A CAIRNCASTLE woman has spoken of her shock after discovering a precious family heirloom during a visit to New York City.
Rachel McKeegan (nee Magill) travelled to the Big Apple last year with her sister, Rosemary Verstrynge, and the pair set off on the city’s tourist trail.
One destination on their sightseeing tour was Ellis Island - the former gateway for millions of Americans into the United States - which has now been transformed into the Museum of American Immigration.
The two sisters followed the displays of immigrant memorabilia and were greatly moved by the harrowing first-hand accounts left by those who had arrived on American soil for the first time.
The visit ended with the obligatory trip to the souvenir shop, where Rachel came across a gilt ornamental pendant with word’s from the Lord’s Prayer inscribed on it. She purchased the item and returned to her New York hotel room, and it was only after unwrapping her gift later that evening and reading the information pamphlet that came with it that she realised what she had stumbled upon.
Incredibly, it turned out the ornament had been adapted from an item that had once belonged to Rachel’s aunt Jane Magill, who immigrated to America over 100 years ago.
Jane, like many others from Ireland, had headed for the New World in the hope of starting a better life for herself. She left the Port of Derry on the SS Caledonia en route to New York in May, 1907. At the age of 18, she was the eldest child of the Magill family from the Meetinghouse, Cairncastle.
The records in Ellis Island, where immigrants disembarked after the rigours of the trans-Atlantic voyage before gaining entry to the USA, describe Jane as five foot six in height, with fair complexion, dark hair and blue eyes. She was carrying $22 in cash, which had been carefully sewn into her clothes.
Like all immigrants, Jane had to pack sparingly and take only her most useful and precious belongings. Among the few valued possessions in her travel trunk was a glass plate, inscribed with an excerpt from the Lord’s Prayer - “Give Us This Day Our Daily Bread” - which had been given to her grandmother as a wedding gift.
In later years in America, Jane kept the plate wrapped in a flannel cloth in her steamer trunk, before it was eventually donated and put on display in the “Treasures from Home” exhibition in the Ellis Island Museum.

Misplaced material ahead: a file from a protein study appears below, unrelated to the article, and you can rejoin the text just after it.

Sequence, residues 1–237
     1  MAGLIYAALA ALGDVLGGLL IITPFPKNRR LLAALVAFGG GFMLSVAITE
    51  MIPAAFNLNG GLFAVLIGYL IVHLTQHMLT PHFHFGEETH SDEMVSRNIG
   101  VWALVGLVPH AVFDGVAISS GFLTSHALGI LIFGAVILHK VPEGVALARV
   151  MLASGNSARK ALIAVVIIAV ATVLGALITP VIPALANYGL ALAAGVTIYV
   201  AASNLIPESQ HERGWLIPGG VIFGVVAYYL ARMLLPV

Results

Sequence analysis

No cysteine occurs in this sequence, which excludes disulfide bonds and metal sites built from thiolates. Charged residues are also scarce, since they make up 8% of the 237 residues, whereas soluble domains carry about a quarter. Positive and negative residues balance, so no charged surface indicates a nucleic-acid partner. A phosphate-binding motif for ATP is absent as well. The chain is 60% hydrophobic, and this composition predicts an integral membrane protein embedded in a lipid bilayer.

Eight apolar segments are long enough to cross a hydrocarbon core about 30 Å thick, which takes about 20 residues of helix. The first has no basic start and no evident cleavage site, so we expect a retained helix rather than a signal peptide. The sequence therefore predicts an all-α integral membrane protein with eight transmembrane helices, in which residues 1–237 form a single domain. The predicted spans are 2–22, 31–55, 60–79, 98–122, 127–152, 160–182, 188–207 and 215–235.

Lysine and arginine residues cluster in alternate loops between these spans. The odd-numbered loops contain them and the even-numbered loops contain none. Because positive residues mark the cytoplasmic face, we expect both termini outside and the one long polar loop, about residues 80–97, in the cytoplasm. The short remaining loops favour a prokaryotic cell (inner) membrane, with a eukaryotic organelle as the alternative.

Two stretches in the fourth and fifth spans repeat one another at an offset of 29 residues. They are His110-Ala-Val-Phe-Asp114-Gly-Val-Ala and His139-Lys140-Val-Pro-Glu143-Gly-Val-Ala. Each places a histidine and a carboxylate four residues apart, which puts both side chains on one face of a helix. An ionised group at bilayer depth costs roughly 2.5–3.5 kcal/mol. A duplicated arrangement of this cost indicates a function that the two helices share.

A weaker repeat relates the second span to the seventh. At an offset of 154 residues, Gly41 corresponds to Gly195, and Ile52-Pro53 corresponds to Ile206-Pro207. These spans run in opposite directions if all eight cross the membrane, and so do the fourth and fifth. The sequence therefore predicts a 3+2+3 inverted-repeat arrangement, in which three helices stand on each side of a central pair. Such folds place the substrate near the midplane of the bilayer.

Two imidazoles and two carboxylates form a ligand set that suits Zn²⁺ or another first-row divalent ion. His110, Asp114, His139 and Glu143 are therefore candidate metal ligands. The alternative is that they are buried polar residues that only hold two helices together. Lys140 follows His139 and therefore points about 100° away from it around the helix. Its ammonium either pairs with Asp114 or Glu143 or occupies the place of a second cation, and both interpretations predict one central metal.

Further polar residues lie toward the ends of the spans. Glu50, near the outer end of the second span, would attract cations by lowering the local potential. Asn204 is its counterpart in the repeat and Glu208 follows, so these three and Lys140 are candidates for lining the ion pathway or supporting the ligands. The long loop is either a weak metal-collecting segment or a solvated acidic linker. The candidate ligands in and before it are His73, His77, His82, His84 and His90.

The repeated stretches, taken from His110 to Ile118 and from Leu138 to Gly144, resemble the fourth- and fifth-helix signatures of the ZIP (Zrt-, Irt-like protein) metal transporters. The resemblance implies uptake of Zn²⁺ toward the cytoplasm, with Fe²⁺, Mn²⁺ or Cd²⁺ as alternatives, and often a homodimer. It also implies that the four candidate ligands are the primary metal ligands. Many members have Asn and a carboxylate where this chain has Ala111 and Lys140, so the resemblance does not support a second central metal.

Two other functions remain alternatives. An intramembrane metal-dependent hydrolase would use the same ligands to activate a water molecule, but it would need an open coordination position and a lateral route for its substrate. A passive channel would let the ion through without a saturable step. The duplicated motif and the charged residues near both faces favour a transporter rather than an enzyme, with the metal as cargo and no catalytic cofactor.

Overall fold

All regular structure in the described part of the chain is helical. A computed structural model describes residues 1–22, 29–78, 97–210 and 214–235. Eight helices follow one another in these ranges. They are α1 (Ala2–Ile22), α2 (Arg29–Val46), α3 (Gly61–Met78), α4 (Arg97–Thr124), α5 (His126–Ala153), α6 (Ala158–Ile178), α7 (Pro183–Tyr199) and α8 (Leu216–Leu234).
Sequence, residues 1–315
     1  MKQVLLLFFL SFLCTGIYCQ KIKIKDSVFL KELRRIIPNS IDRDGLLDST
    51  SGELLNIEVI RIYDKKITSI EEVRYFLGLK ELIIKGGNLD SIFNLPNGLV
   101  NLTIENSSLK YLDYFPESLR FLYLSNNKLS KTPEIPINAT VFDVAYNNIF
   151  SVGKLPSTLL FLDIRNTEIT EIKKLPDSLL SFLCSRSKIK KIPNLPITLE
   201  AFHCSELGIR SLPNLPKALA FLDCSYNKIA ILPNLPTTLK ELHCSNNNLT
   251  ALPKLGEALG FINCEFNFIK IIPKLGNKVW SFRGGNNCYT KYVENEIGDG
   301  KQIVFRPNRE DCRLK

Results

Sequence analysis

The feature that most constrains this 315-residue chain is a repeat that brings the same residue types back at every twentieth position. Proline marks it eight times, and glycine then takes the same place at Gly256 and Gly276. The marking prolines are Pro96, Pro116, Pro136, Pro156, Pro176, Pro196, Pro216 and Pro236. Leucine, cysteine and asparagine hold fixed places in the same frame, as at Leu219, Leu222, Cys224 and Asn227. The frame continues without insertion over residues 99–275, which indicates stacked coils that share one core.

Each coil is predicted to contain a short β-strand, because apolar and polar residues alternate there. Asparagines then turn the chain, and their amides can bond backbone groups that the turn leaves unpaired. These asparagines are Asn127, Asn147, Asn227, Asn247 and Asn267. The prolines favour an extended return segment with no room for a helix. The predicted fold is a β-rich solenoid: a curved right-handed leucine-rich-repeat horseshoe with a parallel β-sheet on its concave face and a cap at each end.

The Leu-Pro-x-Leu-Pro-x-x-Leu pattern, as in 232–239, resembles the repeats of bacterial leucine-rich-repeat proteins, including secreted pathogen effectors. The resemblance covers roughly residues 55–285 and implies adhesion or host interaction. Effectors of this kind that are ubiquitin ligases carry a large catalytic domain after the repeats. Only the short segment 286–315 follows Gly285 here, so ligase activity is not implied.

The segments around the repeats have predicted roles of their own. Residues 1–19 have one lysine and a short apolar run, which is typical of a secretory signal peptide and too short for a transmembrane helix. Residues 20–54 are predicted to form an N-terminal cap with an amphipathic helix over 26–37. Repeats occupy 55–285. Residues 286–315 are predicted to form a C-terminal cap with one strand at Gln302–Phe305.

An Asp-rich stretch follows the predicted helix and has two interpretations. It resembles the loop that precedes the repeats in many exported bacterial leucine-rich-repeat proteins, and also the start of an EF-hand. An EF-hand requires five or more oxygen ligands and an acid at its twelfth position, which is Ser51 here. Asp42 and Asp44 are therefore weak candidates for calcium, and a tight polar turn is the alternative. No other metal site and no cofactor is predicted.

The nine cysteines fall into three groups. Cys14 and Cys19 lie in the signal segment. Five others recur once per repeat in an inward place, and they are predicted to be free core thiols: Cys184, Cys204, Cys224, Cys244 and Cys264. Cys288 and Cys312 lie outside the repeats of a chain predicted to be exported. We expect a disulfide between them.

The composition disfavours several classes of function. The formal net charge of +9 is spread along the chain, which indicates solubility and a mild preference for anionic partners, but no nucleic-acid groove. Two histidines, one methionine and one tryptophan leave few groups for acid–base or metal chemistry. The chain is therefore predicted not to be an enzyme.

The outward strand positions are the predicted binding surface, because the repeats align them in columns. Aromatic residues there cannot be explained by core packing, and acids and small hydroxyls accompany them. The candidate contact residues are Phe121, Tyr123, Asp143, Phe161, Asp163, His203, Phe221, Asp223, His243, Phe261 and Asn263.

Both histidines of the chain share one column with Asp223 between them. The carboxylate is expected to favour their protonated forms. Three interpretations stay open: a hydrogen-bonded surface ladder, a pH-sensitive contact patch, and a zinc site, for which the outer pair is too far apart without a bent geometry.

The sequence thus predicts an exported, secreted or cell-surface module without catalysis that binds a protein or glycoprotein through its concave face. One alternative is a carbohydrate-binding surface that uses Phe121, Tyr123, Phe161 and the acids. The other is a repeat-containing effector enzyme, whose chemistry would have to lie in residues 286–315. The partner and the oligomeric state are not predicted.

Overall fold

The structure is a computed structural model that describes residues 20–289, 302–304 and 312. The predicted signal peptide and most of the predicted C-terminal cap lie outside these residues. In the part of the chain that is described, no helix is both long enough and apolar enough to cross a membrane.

The museum authorities felt the inscription on the plate held great significance, as it represented the desires of all the immigrants who passed through Ellis Island, and they decided to merchandise a souvenir of the item in their gift shop.
It seems like fate that two nieces of Jane’s should be the ones to discover this item after so many years and empathise so strongly with its sentiment.
“I was dumbfounded when I read the inscription,” said Rachel.
“I just couldn’t believe that after all these years I should be encountering a family heirloom in Ellis Island. To think that out of all those millions of immigrants who had crossed to the United States, it was our aunt Jane’s precious plate with its prayer that had been selected, and that out of all those millions of visitors to Ellis Island a century later, her two nieces should come across it.”
Retired Cairncastle teacher Paul Magill, a nephew of Jane’s, published a book last year called The Magills of the Meetinghouse, which traced the lives of his ancestors in the area.
He told the Times: “It was an amazing coincidence that it should be two nieces of Jane’s from Cairncastle who would come across this more than 100 years later. I was quite taken back when I heard about Rachel’s discovery, and unfortunately it came too late to make it into my book. Who know’s, maybe it will make it into a future edition?”
For more on the story of Jane Magill and her Cairncastle family, see the Magills of the Meetinghouse, which is available at £9.95 in Apsleys and Book Nook, Larne.